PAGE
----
The kids in Berkeley are not feeling all right: rage, grief and excellent homemade signs

The day after Donald Trump became our president-elect, UC Berkeley junior Kalila Kirk showed up on campus wearing a homemade sandwich board.

The back said: “White America — We Did This. We should be ashamed. We need to change.”

The front: “If you are a person of color, a Muslim, a woman, undocumented, a person with disabilities, etc. you are loved.”

I bumped into Kirk late Wednesday morning, as she stood at the edge of a mass of students who had gathered at the base of the school’s famous bell tower. Most were teenagers who had walked out of classes at Berkeley High School and marched half a mile to the Cal campus.

Taking turns at an open mic, students shared their raw emotions. Some cried. Some raged. Some were so upset they had trouble articulating their feelings.

“I’m angry,” said Belinda, who gave only her first name. “I’m so [expletive] angry.

“I have a right to be angry,” she said, breaking into tears. “Not all Mexicans are rapists.”

Kirk listened. “I feel really disheartened and bleak and powerless,” she told me. “I understand why poor, working class people don’t identify with Hillary Clinton, but the Republican Party is not going to help them.”

The only thing that cheered her up, she said, was the success of progressive measures on state and local ballots. Also, Berkeley elected its first Latino mayor on Tuesday.

“Maybe it’s time,” Kirk said, “for Berkeley and California to be the shining light for the rest of the country.”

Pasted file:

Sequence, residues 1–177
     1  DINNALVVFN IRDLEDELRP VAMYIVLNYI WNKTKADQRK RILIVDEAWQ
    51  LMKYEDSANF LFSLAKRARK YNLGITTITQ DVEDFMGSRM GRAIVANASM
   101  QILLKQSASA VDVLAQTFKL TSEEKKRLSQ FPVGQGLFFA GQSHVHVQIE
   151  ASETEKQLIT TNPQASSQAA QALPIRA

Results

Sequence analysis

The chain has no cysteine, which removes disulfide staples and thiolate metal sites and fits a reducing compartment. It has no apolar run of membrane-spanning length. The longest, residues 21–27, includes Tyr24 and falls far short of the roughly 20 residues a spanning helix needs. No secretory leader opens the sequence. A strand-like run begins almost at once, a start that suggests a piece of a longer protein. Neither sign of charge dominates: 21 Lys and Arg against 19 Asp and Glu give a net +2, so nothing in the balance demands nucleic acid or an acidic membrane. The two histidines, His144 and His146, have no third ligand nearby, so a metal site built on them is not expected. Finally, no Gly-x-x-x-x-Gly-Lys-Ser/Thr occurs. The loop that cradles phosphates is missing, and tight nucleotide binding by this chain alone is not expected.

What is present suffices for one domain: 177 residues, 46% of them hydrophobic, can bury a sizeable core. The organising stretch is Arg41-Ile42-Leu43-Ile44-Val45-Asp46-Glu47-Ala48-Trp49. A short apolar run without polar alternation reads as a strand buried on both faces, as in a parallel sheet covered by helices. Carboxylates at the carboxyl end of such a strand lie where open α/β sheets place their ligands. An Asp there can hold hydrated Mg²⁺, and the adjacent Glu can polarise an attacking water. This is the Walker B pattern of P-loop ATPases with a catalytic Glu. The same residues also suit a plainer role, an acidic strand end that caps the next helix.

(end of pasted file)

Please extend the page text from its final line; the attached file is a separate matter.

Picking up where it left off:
Or to break off. More than one person on Wednesday here joked that what California really needs is a wall. Across our eastern flank.

In social media, they’ve been calling it #CalExit.


Just after noon, a second protest was taking form at Sproul Plaza. This one comprised UC Berkeley students, who  sat quietly for the most part under a banner that read, “Undocumented. Unafraid.”

Fatima Al Khaleef, a sophomore, wore a baseball cap under her sweatshirt hood. Normally, she said, she wears a headscarf, but several times in the past week she’d been subjected to slurs, so she took it off for her own safety.

“People told me to take it off,” she said. “Go back to where I came from.”

That would be San Jose. Her Iraq-born parents are naturalized U.S. citizens. I asked if she was Muslim. “I’m Muslim American,” she replied.


Berkeley High School senior Soha Levert, 17, and her mother, Cristina, 39, stood in the throng, holding their signs high.

Soha said she woke up Wednesday  completely out of sorts.

“I was enraged,” she said. “I wanted to just sit home and isolate myself. Instead, my mom calls me and tells me she is going to go give out free hugs.”

They made signs, and headed out to protest. Cristina’s sign said, “Are we awake yet?”

Her hope was that peaceful demonstrations like these would be the rule.  

“We need to come together like never before,” she said.

A middle-aged woman walked past us, and hesitated for a moment. “How do we stop crying?” she asked, then walked on.

At that moment I had a flashback to 2008. Barack Obama had just become our first black president, beating John McCain in Ohio by 4.6%, a solid win but nothing compared with Trump’s 9-point rout of Clinton on Tuesday.

I was in Cincinnati, interviewing people at Price Hill Chili, a local landmark. I stopped to talk to two middle-aged white women.

Could I ask them about Obama’s historic victory? They shook their heads no. They were too upset. One wept.

It’s hard for adults not to take these losses personally.

So imagine how much harder it is for the teenagers and young adults who have been through cataclysmic social upheaval in the past couple of years.

They’ve watched videos of police killing unarmed black men, the rise of the Black Lives Matter movement, and heard the dark Trump rhetoric about Mexicans and Muslims.

They may not fully grasp that the American political pendulum is ever in flux. Eventually, inevitably, it will swing left again.

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